There’s a lot of hoopla surrounding the soy bean, particularly in America. On the “soybean fan spectrum” (no that’s not an official thing), there doesn’t seem to be a happy medium. People either love soybeans or they hate them. They think that soybeans either cause cancer, or that soybeans decrease an individual’s risk of acquiring the disease. So are soybeans healthy, or are they nutritionally deficient? Do soybeans promote wellness or disease? Well, it kind of depends. As always, the smart thing to do is to eat them in moderation, as the research is always changing, and often times not conclusive. However, here is the information I’ve gathered that is consistent from source to source about soybeans and their health effects:
Research does not suggest that soybeans cause cancer, in particular it does not suggest that soybeans cause breast cancer in women. Many associate soybeans with cancer because of the isoflavones, (or plant chemicals), in the beans, which affix upon estrogen receptors in the body. Isoflavones are approximately 1,000 times weaker than human estrogen, which validates the claim that soybeans do not significantly alter estrogen levels to the point of producing breast cancer. Interestingly, in Asian countries where soybeans and their byproducts are staples, the breast cancer levels are decreased in comparison to most of the outside world (Soy).
Another concern about soy is that it can damage a person’s thyroid (Soy). Research indicates that this may very well be true, and, if this is true, the damage occurs over a lengthy period of time (Paturel). In particular, people struggling with their thyroids and are subsequently on thyroid medication should carefully monitor the amount of soy that they’re intaking. This is because soy can disrupt the process in which the human body creates thyroid hormones, thus contributing to metabolism malfunction as well as hypothyroidism. In this area, the research is not conclusive, and does not consistently point to one thing over another (Soy).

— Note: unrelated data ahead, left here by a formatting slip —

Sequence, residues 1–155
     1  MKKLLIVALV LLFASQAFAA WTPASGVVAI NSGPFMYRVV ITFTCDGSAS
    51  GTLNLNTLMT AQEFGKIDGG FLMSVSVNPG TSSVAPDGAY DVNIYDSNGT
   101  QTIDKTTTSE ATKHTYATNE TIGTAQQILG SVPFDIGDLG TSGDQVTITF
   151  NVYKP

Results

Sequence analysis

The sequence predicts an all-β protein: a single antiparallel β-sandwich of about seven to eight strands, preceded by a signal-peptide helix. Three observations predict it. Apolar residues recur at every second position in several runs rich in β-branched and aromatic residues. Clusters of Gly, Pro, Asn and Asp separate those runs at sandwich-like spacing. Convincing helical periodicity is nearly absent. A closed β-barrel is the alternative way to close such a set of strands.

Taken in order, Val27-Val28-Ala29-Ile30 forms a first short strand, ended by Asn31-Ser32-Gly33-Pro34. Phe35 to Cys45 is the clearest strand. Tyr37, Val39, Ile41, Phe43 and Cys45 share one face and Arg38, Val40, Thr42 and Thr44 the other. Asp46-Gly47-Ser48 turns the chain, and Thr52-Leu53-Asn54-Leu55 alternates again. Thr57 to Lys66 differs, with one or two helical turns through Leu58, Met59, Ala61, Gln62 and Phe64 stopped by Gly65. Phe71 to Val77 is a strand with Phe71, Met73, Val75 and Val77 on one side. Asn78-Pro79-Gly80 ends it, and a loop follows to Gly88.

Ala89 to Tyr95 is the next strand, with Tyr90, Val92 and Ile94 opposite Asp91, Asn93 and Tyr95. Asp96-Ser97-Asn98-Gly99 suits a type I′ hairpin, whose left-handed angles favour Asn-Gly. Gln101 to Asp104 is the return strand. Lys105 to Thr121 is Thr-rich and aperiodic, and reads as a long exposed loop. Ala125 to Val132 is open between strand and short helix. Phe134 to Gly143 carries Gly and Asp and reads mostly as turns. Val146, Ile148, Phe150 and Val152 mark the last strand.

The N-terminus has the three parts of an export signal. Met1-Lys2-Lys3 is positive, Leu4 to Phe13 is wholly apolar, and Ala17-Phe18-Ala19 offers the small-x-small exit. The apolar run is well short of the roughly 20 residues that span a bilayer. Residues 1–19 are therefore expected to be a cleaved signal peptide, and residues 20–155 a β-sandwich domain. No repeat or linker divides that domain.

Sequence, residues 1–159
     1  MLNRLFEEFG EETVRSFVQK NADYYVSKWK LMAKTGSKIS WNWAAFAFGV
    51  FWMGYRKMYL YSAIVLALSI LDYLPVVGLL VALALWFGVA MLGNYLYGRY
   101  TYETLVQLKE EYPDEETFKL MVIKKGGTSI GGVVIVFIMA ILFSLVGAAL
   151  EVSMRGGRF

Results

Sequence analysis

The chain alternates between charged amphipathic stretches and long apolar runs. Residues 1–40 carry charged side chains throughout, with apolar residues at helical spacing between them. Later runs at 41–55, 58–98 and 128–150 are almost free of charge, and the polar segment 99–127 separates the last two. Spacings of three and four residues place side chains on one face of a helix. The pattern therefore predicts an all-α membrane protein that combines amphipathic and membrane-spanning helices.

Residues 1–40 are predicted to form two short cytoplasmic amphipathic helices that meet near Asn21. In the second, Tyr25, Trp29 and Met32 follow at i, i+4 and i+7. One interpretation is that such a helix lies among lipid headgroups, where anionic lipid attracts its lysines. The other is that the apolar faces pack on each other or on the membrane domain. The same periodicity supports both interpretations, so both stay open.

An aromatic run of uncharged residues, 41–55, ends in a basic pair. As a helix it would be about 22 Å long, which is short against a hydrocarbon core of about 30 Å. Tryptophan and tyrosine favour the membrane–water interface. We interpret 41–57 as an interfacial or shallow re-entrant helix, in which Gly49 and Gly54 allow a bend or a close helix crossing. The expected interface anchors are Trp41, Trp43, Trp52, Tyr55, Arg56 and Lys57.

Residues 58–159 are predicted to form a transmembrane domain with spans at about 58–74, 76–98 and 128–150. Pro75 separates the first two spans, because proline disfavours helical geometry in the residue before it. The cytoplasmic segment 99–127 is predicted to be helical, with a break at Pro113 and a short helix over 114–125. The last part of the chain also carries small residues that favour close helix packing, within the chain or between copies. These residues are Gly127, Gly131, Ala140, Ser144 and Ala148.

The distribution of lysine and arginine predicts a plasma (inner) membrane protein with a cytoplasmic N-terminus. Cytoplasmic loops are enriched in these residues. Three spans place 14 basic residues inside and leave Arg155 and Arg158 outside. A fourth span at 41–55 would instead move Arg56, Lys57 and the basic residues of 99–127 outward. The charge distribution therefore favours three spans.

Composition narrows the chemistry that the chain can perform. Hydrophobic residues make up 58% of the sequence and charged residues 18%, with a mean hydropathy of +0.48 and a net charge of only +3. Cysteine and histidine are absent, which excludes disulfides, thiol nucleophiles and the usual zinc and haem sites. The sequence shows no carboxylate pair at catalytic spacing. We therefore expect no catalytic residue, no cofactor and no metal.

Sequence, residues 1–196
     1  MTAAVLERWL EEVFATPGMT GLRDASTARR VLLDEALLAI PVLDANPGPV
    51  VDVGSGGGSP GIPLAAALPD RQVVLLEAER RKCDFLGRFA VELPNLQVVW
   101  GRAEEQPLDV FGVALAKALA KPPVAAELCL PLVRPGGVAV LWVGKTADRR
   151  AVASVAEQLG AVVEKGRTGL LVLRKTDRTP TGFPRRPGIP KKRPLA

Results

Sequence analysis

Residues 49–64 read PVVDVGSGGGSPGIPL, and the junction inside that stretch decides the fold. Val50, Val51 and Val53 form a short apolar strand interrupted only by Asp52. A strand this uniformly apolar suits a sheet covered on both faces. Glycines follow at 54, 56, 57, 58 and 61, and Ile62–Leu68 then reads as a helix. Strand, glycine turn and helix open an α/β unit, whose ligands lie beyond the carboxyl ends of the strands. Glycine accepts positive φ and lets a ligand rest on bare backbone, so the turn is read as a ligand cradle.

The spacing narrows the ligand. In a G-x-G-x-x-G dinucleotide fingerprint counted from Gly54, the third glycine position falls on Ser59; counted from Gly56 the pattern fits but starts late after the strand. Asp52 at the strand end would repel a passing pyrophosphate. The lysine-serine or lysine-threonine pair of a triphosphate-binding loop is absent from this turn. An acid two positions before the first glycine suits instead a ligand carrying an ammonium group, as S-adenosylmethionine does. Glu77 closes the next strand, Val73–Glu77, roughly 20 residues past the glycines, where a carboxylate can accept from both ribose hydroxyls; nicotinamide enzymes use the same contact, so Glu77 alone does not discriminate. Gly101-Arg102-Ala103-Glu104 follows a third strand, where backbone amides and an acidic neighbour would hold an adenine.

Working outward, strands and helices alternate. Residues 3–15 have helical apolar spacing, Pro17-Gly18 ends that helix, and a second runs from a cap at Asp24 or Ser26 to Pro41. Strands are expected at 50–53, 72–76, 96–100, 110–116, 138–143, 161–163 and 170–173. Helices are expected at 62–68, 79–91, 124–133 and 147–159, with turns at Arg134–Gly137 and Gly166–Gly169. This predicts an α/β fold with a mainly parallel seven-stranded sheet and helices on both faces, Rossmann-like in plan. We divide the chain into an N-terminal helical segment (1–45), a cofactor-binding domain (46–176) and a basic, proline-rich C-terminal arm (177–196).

Soy itself is not unhealthy, it may even be quite nutritious. Unfortunately, it is the processed varieties of soy that cause health problems. The majority of processed soy products contain substantial amounts of refined flours, sugars, preservatives, and genetically modified organisms. As always, whole foods, and in this case whole soy foods, are the most beneficial to one’s health and wellness. These whole soy foods include but are not limited to tofu and edamame. It’s important to note that processed soy foods more often than not contain “soy protein,” which is not the same as soy. Soy protein has almost no nutritional value whatsoever, and is found in a rainbow of foods, from energy bars to soy “frankfurters.” Beware of soy protein (Soy)!
The last thing to touch upon with soy is soy milk. Truly nutritious brands of soy milk are few are far between. When choosing one brand over another, look at the ingredient label to see whether or not the milk is created from soy protein or whole soy. Also, scan the ingredient label to search for preservatives. You may have noticed that the expiration dates on almost all soy milks are far off from the date of purchase. This is because soy milk often contains superfluous ingredients which increase the amount of time the milk stays fresh. These ingredients are unnecessary for proper health and only contribute to excess calories (Soy).
So what’s the take away for soy? Have no more than two whole soy food servings per day to maximize the health benefits of this food and minimize the inconclusive risks (Soy). In addition, beware of soy protein (Soy). Do you have a favorite whole soy food? Do you have any recipes containing soy that you’d like to share?
If so, please leave a comment!
Until Next Week… Plan Well, Pack Well, Live Well,
“Soy: The Good, the Bad and the Best.” Dr. Oz. Harpo Incorporated, 11 Dec. 2012. Web. 6 Jan. 2015. <http://www.doctoroz.com/article/soy-good-bad-and-best>
Paturel, Amy. “How Healthy is Soy Really?”. Eating Well Jan./Feb. 2011: Meredith Corporation, Web. 6 Jan. 2015. <http://www.eatingwell.com/nutrition_health/nutrition_news_information/how_healthy_is_soy_really>